So I am not 100% for sure what it could be. It may be a bit of everything. the leaves that turned yellow were only on one side of the tree and have stopped changing since I have brought them in. I think it must have been the hot dry weather next to heat retaining objects that also contributed.

The main problem I have now is keeping the water in the container. Maybe the container holds less liquid than I think since I have never had to worry about overflow before. I don't know. I will keep you guys updated and post some pics.

Thanks,
Nate

    Bookmark   September 1, 2010 at 3:09AM
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jojosplants(9/ Tucson, Az.)

Hi Nate,
I think what Al's asking.. Is, was the mix thoroghly moistend before you planted your tree in it? Did you wet it when you made it to begin with?

If you plant something in the mix while the mix is dry it will repel the water.

He will be along and correct me if i'm wrong. ;)

JoJo

    Bookmark   September 1, 2010 at 8:24AM
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meyermike_1micha(5)

Hi Nate...Back to school? I hope you are excited about it.

A couple of questions for you.

When you stuck it in that hot sun, did you let the mix go dry, maybe to the point of very dry by accident? Leaves..We know what leaves curling in the hot sun means..In that mix and those temps, you need to make sure you water well in the am, and possibly a second time during that day..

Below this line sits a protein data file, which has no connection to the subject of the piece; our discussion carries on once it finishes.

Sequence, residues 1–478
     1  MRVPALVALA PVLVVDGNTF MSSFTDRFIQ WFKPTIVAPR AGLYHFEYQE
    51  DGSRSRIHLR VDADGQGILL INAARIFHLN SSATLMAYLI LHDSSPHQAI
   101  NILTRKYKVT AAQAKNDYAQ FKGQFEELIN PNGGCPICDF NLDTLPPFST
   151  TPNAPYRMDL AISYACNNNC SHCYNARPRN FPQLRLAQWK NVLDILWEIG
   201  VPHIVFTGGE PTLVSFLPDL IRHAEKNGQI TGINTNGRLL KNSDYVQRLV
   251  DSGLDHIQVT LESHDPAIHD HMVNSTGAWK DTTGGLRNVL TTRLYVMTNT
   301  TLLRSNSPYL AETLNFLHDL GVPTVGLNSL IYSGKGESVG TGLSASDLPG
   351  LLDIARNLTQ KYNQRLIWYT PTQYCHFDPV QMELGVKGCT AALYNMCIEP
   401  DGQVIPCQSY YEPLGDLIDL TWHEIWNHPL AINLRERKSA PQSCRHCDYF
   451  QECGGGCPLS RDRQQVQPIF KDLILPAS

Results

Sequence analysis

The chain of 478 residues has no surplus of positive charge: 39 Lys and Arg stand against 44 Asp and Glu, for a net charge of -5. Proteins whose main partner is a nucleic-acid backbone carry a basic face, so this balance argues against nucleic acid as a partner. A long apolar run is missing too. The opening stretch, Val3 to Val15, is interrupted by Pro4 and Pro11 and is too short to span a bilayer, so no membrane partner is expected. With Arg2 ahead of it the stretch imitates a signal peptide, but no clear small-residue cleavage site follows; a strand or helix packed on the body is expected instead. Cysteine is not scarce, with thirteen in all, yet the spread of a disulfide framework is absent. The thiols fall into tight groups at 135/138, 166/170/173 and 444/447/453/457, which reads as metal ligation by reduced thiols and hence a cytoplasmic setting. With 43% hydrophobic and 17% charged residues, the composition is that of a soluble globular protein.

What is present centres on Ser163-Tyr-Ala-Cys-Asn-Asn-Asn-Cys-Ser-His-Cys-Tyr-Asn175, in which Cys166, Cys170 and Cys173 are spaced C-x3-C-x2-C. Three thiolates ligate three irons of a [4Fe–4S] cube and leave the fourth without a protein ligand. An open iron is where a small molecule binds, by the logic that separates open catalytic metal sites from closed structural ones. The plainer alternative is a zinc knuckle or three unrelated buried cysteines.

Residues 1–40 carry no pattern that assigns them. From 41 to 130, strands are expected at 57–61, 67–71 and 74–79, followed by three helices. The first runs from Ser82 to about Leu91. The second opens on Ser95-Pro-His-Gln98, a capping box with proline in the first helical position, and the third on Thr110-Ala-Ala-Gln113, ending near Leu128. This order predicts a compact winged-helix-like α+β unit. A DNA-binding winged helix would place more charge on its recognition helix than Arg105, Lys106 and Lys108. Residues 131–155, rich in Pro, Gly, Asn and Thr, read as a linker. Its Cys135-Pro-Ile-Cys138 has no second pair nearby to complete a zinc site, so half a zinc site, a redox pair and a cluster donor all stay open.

Because you say you have had it planted a few weeks, something tells me your bark or mix was just fine when you planted it..It is human error with watering that had caused the problem..Maybe letting your bark mix get way to dry to the point of repelling water, especially if you used uncomposted bark, such as that of repti-bark...Have you tried a watering can with a sprinkler head and evenly watered slowly?

Is there any possible way you can take a close up picture of the mix before you go and add more stuff in it..If your tree was doing great before, something tells me you sent that tree into a massive shock from getting too dry and changing locations so abruptly, and hopefully it will recover..